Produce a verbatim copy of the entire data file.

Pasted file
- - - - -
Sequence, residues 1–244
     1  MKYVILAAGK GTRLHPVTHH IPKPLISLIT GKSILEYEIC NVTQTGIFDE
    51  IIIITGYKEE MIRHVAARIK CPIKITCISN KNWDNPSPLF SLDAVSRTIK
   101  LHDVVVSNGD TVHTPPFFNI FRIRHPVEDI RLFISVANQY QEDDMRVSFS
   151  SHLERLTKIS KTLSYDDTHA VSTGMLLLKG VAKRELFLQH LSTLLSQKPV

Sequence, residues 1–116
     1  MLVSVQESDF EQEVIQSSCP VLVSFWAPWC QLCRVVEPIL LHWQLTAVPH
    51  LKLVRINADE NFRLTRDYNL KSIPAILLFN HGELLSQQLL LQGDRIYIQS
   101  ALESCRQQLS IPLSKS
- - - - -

Sequence, residues 1–244
     1  MKYVILAAGK GTRLHPVTHH IPKPLISLIT GKSILEYEIC NVTQTGIFDE
    51  IIIITGYKEE MIRHVAARIK CPIKITCISN KNWDNPSPLF SLDAVSRTIK
   101  LHDVVVSNGD TVHTPPFFNI FRIRHPVEDI RLFISVANQY QEDDMRVSFS
   151  SHLERLTKIS KTLSYDDTHA VSTGMLLLKG VAKRELFLQH LSTLLSQKPV

Sequence, residues 1–116
     1  MLVSVQESDF EQEVIQSSCP VLVSFWAPWC QLCRVVEPIL LHWQLTAVPH
    51  LKLVRINADE NFRLTRDYNL KSIPAILLFN HGELLSQQLL LQGDRIYIQS
   101  ALESCRQQLS IPLSKS